The king asked: "Venerable Nagasena, for whom is the greater demerit, one who knowingly does evil, or one who does evil unknowingly?"
The elder replied: "Indeed, your majesty, for him who does evil not knowing is the greater demerit."
"In that case, venerable Nagasena, would we doubly punish one who is our prince or king's chief minister who not knowing does evil?"
"What do you think, your majesty, who would get burned more, one who knowing picks up a hot iron ball, ablaze and glowing, or one who not knowing picks it up?"
"Indeed, venerable sir, he who not knowing picks it up would get burned more."
"Indeed, your majesty, in the same way the greater demerit is for him who does evil not knowing."
"You are clever, venerable Nagasena."
"These four imponderables are not to be speculated about. Whoever speculates about them would go mad & experience vexation. Which four? The Buddha-range of the Buddhas [i.e., the range of powers a Buddha develops as a result of becoming a Buddha]... The jhana-range of one absorbed in jhana [i.e., the range of powers that one may obtain while absorbed in jhana]... The results of kamma... Speculation about [the first moment, purpose, etc., of] the cosmos is an imponderable that is not to be speculated about. Whoever speculates about these things would go mad & experience vexation."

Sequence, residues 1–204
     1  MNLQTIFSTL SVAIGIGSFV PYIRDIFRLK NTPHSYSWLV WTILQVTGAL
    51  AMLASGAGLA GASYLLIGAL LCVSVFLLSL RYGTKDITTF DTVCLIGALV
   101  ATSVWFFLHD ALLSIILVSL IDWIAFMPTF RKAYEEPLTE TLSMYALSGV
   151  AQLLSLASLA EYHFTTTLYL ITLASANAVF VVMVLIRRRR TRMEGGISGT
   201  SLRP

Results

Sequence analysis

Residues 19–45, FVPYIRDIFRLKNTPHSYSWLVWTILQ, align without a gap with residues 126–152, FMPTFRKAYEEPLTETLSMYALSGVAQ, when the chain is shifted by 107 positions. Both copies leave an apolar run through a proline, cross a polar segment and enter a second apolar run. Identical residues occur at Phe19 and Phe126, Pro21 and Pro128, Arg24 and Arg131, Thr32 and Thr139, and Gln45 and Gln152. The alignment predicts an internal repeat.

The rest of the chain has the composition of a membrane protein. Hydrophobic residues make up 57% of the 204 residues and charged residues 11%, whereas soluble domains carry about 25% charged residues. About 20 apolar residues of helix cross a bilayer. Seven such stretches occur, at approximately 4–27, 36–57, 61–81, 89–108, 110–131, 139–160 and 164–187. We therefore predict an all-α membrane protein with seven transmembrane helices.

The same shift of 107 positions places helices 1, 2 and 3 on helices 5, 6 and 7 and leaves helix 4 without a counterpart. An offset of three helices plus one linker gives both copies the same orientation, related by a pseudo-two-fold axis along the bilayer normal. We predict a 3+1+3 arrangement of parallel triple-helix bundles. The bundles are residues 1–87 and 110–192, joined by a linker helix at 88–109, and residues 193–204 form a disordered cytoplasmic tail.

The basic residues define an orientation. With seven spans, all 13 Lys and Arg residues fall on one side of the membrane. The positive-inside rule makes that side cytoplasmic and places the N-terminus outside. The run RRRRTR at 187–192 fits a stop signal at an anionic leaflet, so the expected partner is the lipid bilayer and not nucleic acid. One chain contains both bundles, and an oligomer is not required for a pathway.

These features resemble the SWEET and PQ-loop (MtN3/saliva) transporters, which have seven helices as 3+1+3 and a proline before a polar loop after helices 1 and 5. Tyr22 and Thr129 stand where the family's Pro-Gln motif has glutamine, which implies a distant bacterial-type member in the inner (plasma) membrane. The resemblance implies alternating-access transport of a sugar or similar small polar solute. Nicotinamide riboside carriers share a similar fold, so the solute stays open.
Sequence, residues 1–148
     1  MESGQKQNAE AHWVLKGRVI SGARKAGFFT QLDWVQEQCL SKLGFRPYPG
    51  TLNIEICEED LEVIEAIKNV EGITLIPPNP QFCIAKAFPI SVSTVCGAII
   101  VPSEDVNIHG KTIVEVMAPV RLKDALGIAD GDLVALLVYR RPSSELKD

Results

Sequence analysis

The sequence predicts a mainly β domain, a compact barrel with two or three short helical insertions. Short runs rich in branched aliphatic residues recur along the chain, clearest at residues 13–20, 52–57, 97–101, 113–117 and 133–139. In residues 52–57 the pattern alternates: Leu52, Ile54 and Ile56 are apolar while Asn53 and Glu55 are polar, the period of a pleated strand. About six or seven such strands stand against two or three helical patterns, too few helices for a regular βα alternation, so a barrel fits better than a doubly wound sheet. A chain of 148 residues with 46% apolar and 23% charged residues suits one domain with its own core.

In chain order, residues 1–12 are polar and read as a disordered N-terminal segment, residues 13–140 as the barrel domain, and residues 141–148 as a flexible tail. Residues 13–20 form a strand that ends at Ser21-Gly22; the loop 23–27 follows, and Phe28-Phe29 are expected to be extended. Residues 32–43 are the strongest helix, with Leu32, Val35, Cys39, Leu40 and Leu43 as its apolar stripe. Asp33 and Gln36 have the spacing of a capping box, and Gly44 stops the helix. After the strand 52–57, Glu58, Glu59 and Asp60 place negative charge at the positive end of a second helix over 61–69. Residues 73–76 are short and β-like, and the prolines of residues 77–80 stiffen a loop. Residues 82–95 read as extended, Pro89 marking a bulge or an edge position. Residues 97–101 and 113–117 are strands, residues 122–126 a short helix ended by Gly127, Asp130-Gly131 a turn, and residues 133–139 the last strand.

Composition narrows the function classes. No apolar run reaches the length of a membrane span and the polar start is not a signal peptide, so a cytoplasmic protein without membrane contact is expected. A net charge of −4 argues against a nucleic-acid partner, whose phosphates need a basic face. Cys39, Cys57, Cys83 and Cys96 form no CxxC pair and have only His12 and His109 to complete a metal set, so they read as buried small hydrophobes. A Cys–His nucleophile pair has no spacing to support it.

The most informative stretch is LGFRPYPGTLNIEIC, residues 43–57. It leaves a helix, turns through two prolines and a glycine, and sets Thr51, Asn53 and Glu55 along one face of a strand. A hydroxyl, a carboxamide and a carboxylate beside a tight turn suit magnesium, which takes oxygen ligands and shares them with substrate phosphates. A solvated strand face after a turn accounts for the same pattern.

hove wrote:examining the situation , i see clearly that the only way to stop him is to `pull the trigger`, and take his life.
appicchato wrote:Pāṇātipātā veramaṇī sikkhāpadaṃ samādiyāmi. I undertake the training rule to abstain from taking life.
Number one on the list...easy peasy...
examining the situation , i see clearly that the only way to stop him is to `pull the trigger`, and take his life
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